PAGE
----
Managing Calf Welfare

The care of calves at every stage of the Australian dairy industry supply chain is a high priority. Everyone involved in their management – whether on farm, during transport, at the saleyards or at processing, plays an important role in ensuring their welfare.

Calf management

Good management of calves ensures they are always well-treated. To achieve this, calves should always be:

  • Fed colostrum (2–4 litres/calf) in first 24 hours of life.
  • Fed daily with adequate milk or milk replacer and always have easy access to water.
  • Protected from the elements and provided adequate bedding to keep clean and dry. Exposed concrete, bare earth and mud floors are not acceptable.
  • Treated gently and never thrown, hit, dropped or dragged. Bobby calves must not be moved using dogs or electric prodders.
  • Treated or humanely euthanised as soon as possible when sick or injured.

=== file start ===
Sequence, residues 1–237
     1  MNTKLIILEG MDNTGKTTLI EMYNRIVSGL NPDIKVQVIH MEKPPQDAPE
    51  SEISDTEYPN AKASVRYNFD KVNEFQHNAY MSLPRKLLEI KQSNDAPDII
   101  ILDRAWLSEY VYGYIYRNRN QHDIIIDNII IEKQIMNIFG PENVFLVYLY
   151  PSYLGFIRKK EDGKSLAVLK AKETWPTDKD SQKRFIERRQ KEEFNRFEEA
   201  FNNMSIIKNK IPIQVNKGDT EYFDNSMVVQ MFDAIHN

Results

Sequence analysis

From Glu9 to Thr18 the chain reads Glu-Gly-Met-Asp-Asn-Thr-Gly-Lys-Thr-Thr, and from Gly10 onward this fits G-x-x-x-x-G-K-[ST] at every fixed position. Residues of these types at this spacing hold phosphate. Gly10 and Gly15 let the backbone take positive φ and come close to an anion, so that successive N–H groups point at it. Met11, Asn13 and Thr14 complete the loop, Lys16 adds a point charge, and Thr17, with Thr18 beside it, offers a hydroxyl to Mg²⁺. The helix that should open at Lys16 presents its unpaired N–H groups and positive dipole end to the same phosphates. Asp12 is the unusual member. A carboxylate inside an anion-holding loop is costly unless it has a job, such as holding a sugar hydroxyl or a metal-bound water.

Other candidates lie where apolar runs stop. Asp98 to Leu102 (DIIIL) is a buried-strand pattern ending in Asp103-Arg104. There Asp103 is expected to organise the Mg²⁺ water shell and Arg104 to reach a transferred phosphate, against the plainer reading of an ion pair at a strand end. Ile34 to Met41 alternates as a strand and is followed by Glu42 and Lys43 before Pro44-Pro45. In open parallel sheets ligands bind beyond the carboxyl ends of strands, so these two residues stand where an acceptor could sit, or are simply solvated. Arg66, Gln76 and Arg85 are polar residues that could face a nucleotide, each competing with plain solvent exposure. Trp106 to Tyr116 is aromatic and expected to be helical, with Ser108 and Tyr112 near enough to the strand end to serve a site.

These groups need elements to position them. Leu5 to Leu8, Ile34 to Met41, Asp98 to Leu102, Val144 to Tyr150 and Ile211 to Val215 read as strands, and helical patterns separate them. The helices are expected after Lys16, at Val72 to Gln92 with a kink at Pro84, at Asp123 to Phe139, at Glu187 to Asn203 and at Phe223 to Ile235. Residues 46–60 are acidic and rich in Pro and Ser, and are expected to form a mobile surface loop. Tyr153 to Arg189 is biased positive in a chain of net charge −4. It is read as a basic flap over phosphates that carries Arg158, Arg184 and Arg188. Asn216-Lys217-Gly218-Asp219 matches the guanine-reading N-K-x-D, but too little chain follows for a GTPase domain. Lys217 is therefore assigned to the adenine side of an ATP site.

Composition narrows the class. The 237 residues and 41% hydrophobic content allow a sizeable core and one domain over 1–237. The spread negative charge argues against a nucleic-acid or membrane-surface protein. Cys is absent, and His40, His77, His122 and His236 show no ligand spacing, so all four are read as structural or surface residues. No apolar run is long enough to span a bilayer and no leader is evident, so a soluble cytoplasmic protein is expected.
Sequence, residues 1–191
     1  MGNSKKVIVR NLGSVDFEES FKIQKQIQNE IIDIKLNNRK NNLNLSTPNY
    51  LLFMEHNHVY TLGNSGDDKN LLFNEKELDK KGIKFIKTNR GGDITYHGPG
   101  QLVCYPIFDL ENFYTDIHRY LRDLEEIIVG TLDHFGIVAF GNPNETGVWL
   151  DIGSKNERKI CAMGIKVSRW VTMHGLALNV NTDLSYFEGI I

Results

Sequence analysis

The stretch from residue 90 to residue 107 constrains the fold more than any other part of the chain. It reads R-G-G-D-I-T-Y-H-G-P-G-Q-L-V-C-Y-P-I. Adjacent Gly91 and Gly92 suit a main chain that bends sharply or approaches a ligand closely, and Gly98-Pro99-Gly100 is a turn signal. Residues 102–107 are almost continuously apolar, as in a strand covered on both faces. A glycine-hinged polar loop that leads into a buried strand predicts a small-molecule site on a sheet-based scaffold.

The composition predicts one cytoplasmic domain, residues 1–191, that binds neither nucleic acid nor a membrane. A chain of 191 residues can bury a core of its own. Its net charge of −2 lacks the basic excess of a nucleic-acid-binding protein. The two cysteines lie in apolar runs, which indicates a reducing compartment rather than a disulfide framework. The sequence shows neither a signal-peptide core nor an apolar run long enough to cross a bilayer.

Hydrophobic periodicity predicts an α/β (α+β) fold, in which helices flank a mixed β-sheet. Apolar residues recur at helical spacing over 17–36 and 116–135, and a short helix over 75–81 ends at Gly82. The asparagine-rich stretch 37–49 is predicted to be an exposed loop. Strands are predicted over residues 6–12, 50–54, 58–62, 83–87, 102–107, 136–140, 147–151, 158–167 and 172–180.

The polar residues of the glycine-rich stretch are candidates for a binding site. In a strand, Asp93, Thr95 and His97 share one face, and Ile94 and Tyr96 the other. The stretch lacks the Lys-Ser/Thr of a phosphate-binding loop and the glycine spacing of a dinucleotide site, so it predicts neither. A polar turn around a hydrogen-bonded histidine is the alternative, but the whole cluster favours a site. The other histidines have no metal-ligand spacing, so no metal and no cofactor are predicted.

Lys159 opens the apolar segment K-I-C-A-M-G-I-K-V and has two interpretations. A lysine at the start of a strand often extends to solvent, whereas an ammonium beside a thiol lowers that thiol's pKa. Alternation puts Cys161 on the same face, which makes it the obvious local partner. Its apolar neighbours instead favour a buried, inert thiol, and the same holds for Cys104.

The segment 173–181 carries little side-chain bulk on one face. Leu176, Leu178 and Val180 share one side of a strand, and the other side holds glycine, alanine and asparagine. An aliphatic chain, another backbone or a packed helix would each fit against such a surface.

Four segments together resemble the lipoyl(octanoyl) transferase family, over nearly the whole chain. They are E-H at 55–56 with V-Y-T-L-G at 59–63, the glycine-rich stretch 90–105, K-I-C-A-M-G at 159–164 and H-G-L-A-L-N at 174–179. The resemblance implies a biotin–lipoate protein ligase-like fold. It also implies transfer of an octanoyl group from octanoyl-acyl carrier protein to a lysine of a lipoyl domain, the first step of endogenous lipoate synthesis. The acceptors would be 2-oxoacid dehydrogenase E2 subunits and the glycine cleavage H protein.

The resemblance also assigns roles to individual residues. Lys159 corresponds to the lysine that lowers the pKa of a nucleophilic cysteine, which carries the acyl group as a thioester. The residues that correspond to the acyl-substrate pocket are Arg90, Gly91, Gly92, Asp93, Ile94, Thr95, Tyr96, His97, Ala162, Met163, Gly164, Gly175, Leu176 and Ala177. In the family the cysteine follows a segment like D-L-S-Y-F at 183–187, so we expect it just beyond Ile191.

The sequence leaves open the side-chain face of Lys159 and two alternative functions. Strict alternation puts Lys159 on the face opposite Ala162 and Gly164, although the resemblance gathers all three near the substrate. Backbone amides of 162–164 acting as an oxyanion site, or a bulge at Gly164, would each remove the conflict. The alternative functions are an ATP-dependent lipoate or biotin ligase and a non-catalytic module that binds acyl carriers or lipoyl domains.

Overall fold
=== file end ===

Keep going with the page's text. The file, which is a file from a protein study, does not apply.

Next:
Care during transport and sale

Those responsible for handling and transporting bobby calves, such as farmers, calf buyers, agents, saleyards, transporters and meat processors, must follow the Australian Animal Welfare Standards for Land Transport of Livestock, which states:

  • Calves are always handled with care.
  • All calves transported from a farm are healthy and fit to load.
  • All calves consigned to a saleyard, calf sales or to a processor must be at least five days old.
  • Calves receive a liquid feed within six hours of transport with the details recorded and available for future audit.
  • Adequate shelter from the weather is provided to calves prior to pick up.
  • Any calves sold must be antibiotic free and not subject to any withholding period.
  • Sale calves must be identified with an NLIS tag and accompanied by a vendor declaration.

Cow-calf separation

It is standard dairy industry practice to separate calves from cows within 24 hours of birth. This is done to reduce the risk of disease transmission to the calf (e.g. Johne’s Disease), to ensure adequate colostrum and feed intake, and simplify disease detection.

Aspects of cow-calf separation require further investigation and research regarding practicalities of potential approaches for farmers and their impact on animal health and welfare.

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